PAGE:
He mused: "Labels have gone through a tough time. Overheads and employee numbers have almost halved, all at the same time that the labels have had to reinvent themselves for a new market place. Labels are the engine room, the major investors in talent, with money and resources and skills. But the total pie that we are all sharing is smaller at the moment. That's why royalty cheques are smaller - not because the labels are spending it all on champagne and caviar, but because there's less to go round".

But, he went on: "The return to growth will produce greater returns for everyone. It is more important now than at any other time that the artist community and labels work together in a collaborative, and collegiate way. The artists' share of the pie has, in fact, never been greater, and I applaud that - and so should artists and their managers".

"In some quarters, the record label used to be seen as a thing of the past - something that was less relevant than it had been in previous decades. The argument went that, with the advent of digital, 'we can all do it ourselves'. [But] we are awash with content, everywhere we look. There's no shortage of people making music and films - mainly about cats - we are all creators now, and that's absolutely fine, but I would like to listen to some good stuff please".

"And this is where labels come in. Labels trawl through the dross and the ordinary, and find the best artists and work with them to help them get even better. Then work with them to present their music in a way which will cut through all the rest of the clutter and digital debris, so that the music fan can have the best possible experience and so that music creators can make a living".

So, learn from the past, look to the future, and reinvent the artist/label partnership so that everyone benefits. And how better to do just that at the BPI itself than by embracing a word from the past ("phonographic" is back in the trade group's logo, having been out of favour for a while), while moving forward with a funky new corporate identity, which the record industry trade body unveiled yesterday. And as a certain Damon Albarn, signed to Wadsworth's EMI back in its CD selling heyday, presented the outgoing Chair with an honorary BRIT, you couldn't helping wondering if the BPI's logo designer was a Blur fan too.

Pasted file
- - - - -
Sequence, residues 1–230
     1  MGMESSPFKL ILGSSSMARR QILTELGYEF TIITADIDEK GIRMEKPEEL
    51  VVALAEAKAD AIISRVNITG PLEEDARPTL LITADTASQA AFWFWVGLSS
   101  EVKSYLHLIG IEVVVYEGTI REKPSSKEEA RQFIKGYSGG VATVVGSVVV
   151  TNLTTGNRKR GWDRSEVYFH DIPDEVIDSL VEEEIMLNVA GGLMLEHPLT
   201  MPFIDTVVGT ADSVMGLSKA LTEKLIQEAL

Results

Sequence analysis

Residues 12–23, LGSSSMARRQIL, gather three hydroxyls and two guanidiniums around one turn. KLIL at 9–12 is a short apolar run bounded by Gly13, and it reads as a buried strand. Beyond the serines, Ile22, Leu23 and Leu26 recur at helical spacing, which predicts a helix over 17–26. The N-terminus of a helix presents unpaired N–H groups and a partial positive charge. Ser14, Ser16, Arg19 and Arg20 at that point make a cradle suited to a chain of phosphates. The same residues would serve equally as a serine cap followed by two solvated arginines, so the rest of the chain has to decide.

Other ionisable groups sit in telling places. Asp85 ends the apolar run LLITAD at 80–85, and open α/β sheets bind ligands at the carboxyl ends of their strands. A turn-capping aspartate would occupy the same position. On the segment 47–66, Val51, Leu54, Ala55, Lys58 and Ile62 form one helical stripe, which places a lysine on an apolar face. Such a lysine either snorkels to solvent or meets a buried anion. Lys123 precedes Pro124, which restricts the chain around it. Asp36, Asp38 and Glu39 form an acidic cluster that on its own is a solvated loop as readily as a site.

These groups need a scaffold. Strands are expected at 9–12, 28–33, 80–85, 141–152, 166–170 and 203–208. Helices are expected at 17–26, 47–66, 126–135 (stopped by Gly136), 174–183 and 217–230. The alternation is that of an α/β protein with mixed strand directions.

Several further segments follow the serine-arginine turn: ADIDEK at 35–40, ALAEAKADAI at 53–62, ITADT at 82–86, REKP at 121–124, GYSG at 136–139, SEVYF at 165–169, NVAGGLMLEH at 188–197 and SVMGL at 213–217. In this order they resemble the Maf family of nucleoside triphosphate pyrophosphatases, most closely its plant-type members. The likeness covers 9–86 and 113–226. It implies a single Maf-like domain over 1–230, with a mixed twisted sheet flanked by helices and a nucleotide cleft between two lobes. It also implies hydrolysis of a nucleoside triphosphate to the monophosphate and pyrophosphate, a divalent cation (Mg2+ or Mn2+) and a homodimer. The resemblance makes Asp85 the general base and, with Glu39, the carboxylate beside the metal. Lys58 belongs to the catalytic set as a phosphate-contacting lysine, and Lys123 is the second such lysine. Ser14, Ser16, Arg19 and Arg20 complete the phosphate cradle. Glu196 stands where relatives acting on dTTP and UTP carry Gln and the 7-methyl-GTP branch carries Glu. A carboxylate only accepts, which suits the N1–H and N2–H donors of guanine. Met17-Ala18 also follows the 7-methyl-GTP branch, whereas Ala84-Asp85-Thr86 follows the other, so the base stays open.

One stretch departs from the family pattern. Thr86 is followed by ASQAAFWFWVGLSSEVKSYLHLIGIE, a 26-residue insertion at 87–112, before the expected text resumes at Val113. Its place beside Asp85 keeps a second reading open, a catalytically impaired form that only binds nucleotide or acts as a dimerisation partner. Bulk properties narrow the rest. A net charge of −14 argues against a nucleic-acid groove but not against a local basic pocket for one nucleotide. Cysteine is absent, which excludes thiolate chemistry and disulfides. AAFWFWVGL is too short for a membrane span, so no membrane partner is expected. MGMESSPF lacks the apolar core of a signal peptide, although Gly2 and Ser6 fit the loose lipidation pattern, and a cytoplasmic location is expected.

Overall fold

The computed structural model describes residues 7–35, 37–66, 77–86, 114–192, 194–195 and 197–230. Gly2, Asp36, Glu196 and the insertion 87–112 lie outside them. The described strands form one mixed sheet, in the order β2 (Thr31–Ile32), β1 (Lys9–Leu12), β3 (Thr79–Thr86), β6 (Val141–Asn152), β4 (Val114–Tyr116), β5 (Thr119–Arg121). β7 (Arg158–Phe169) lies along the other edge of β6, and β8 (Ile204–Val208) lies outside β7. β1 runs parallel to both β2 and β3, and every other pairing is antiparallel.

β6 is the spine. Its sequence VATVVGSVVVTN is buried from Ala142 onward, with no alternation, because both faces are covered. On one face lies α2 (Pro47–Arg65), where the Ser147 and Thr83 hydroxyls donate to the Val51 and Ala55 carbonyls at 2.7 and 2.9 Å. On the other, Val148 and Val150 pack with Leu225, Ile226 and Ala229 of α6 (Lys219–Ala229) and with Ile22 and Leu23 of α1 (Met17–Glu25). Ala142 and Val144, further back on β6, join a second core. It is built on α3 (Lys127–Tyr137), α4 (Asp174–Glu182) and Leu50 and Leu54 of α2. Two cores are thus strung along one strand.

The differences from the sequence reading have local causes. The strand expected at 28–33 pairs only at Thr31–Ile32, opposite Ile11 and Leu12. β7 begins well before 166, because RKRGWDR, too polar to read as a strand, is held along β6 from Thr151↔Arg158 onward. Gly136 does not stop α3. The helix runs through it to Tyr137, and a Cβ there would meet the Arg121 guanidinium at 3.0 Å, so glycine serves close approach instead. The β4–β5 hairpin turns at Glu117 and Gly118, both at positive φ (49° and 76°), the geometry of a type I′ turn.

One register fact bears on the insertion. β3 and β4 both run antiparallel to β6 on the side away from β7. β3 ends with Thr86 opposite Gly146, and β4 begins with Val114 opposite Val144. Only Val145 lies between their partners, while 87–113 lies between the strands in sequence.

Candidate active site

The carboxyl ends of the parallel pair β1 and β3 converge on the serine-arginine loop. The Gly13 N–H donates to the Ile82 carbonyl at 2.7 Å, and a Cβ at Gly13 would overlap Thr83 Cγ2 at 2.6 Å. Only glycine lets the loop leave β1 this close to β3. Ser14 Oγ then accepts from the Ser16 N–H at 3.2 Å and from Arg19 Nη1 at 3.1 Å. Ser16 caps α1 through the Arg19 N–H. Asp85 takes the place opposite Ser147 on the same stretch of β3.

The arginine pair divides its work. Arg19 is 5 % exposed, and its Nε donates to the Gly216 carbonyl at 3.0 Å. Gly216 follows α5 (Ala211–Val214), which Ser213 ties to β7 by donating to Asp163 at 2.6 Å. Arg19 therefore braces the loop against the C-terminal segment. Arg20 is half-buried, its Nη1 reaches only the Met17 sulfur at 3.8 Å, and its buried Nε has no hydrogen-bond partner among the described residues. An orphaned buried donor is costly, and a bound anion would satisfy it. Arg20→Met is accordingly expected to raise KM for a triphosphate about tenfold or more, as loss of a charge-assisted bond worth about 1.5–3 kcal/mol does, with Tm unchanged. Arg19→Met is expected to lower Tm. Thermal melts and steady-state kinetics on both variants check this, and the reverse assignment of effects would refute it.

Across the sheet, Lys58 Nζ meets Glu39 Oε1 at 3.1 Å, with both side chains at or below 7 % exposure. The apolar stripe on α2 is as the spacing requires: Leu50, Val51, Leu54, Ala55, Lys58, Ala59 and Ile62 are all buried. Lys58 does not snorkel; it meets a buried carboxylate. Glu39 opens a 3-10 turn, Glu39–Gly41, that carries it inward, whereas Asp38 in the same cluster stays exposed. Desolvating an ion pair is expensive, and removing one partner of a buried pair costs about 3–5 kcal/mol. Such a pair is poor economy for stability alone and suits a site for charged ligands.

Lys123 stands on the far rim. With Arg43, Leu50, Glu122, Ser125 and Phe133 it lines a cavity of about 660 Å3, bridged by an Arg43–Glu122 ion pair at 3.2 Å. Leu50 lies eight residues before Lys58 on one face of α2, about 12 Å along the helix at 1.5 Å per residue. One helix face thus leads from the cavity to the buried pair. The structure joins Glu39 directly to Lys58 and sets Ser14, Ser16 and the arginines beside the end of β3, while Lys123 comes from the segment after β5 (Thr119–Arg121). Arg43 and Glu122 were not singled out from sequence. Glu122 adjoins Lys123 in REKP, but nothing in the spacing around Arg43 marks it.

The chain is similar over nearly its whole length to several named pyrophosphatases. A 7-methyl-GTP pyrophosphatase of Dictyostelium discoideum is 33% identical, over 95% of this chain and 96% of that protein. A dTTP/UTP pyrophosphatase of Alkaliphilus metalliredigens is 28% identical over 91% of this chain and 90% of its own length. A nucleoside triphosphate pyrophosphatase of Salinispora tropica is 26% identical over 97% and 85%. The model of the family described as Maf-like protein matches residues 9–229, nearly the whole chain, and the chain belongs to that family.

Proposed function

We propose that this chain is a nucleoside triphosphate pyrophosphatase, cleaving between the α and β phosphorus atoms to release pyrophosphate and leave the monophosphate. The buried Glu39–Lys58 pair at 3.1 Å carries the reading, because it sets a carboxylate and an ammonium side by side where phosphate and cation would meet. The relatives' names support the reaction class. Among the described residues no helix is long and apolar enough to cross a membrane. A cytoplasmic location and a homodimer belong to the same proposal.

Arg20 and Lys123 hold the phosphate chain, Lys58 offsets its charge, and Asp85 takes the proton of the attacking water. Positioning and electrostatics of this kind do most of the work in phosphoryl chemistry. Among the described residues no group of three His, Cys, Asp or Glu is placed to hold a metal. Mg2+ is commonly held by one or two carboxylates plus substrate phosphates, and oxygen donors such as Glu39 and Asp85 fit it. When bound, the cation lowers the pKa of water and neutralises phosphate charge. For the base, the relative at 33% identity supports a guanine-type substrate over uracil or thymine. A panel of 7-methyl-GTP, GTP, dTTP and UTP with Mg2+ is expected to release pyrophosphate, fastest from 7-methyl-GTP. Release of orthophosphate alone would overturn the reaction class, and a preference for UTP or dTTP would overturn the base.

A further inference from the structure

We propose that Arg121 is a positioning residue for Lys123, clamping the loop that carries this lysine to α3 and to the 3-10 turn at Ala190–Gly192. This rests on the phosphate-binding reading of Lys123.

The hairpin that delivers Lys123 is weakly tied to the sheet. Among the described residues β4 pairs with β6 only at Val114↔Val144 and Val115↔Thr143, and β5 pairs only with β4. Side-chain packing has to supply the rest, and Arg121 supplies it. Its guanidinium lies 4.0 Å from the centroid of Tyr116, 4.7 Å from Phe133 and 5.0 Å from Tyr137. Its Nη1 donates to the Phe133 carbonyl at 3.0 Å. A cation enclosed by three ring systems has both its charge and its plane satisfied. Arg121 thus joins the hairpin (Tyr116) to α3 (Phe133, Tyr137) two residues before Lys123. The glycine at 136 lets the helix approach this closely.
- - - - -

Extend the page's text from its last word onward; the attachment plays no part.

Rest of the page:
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New Director General at CISAC
CISAC, the organisation that brings together music publishing collecting societies from around the world, has announced legal man Gadi Oron as its new Director General. He has been General Counsel for the Confederation since 2012.

Confirming the appointment, Jean Michel Jarre, in his role as President of CISAC: said: "Mr Oron has proven himself to be a great supporter of authors worldwide. He respects and loves creation. I have seen and have been impressed by his tireless work. Knowing his skills and passion, I am confident he will lead CISAC to new heights".

Meanwhile Eric Baptiste, CEO of Canadian collecting society SOCAN, and currently Chair of the CISAC board, told reporters: "I am delighted that Mr Oron will lead CISAC as its new Director General. He has a unique combination of legal and strategic skills and we have witnessed his strong determination to promote the interests of the creative community".

Oron, who previously worked for the record industry's global grouping IFPI, noted his new job by saying: "I am very excited to take over the position of Director General. CISAC is a unique organisation and it is playing an incredibly important role for authors around the world. These are times of major challenges and great opportunities for authors. I look forward to assisting them and their societies in promoting an environment that protects and rewards creativity".

Vice to launch third London venue
Vice has announced it's adding a third venue in London to its collection, taking over The Record Club in Camden and rebranding it as The Stillery. The media brand currently operates The Old Blue Last and Birthdays in East London.